Conscientious people are organized, methodical and self-disciplined. Most people typically view this personality trait as synonymous with perfection; however, being highly conscientiousness means having control over one’s life. The sub-traits of conscientiousness are self-assurance, orderliness, dutifulness, achievement-striving, self-discipline and prudence.
College students who are conscientious are the people who plan out how they are going to prepare for a test and already know the material before they even start studying. They’re always prepared for class because they generally look at doing things in a very methodical way; if they like to party, they plan out their night beforehand. Students with the personality trait of conscientiousness generally major in work-intensive subjects, such as law, science, engineering and medicine.
Openness is perhaps the most complex of the five personality traits; it includes creative complexity and world-building development, which means that people who rank high in openness are able to solve complex problems. They tend to think outside the box and are able to view things in scale. The six sub-traits of openness are fantasy, aesthetic interest, emotional orientation, experimentation, intellectualism and diversity/tolerance.
Highly-open people also typically score high on IQ tests, which are used to determine how people interpret the knowledge they have obtained. Students high in openness have a propensity to seek out new and original ideas. Those same students also look to discuss deep issues with fellow students and are always looking for diverse and interesting perspectives.
People in the creative class (including entrepreneurs, philosophers, lawyers and advertisers) are generally linked to having high amounts of openness. If you are studying the arts, you’re probably creatively open-minded, with high levels of the sub-traits fantasy and aesthetic interest.
Neuroticism, also known is emotional stability, is the fifth personality trait, which defines an individual’s ability to be calm in stressful situations, as well as the amount of control they have over their innate desires. Highly-neurotic people have little self-control and tend to feel more negative emotions during their day-to-day life. The six sub-traits of neuroticism are anxiety, irritability, immoderation, self-consciousness, depressivity and vulnerability.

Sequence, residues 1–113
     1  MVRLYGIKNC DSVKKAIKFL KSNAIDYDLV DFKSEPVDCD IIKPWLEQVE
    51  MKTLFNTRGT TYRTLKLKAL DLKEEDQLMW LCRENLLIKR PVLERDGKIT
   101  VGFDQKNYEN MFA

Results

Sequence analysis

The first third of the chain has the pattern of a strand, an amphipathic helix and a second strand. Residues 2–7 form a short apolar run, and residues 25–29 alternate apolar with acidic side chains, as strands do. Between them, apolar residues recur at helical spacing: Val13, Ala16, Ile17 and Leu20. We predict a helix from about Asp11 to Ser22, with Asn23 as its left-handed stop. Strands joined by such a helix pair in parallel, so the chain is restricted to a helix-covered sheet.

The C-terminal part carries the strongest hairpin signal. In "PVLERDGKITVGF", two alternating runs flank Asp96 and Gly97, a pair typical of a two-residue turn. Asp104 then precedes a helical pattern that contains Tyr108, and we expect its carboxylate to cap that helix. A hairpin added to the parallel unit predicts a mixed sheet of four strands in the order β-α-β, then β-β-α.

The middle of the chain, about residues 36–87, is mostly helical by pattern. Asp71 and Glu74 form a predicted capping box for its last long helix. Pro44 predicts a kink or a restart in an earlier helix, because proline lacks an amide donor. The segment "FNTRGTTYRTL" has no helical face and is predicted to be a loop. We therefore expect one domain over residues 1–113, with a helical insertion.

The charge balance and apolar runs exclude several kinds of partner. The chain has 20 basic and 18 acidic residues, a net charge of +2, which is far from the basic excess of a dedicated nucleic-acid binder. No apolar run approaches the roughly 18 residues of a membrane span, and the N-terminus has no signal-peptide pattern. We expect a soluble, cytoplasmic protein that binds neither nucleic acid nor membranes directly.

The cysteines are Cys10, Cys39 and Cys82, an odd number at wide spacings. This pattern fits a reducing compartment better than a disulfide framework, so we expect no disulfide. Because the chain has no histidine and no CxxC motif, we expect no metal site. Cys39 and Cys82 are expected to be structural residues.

Mental health is an extremely important issue nowadays, especially on college campuses; as I mentioned earlier, college is the first time most people live away from their families, and many students discover their emotional instability for the first time. Many mental health disorders manifest during the typical college years (ages 18-22), and it might be the first time students are able to get help because they can utilize campus services instead of trying to navigate the expensive channels that people usually have to take to work on their mental health.
Each person has different degrees of these personality traits and sub-traits, and having a good understanding of your strengths and weaknesses gives you more opportunity to develop your sense of self. There are pros and cons of ranking high or low in each psychological domain; no matter what you score, there is room for self-improvement.
Entrepreneurial college students, who rank high in openness, will often work well in collaboration with extroverts, who can speak well in public and are good at expressing what they want. Students with high agreeableness can help neurotic students by befriending them and encouraging them to step out of their comfort zone, while highly-conscientious students can teach their peers, who rank highly in the other four traits, how to channel their energy into being productive.
Each student is unique, and college is the perfect time to work on understanding and developing your personality. General day-to-day responsibilities are scarce, and there are plenty of opportunities for new experiences, so it’s time to take advantage of the resources provided by your college and get to know yourself.